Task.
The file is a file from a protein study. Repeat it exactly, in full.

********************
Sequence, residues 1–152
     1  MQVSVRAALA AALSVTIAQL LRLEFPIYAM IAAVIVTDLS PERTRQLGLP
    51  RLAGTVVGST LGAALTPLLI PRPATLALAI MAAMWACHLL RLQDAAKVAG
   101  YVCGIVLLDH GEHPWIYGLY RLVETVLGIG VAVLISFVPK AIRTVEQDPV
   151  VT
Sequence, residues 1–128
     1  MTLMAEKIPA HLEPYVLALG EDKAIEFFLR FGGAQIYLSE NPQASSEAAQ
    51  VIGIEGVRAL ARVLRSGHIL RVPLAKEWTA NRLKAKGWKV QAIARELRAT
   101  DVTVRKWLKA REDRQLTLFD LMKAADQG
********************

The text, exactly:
Sequence, residues 1–152
     1  MQVSVRAALA AALSVTIAQL LRLEFPIYAM IAAVIVTDLS PERTRQLGLP
    51  RLAGTVVGST LGAALTPLLI PRPATLALAI MAAMWACHLL RLQDAAKVAG
   101  YVCGIVLLDH GEHPWIYGLY RLVETVLGIG VAVLISFVPK AIRTVEQDPV
   151  VT
Sequence, residues 1–128
     1  MTLMAEKIPA HLEPYVLALG EDKAIEFFLR FGGAQIYLSE NPQASSEAAQ
    51  VIGIEGVRAL ARVLRSGHIL RVPLAKEWTA NRLKAKGWKV QAIARELRAT
   101  DVTVRKWLKA REDRQLTLFD LMKAADQG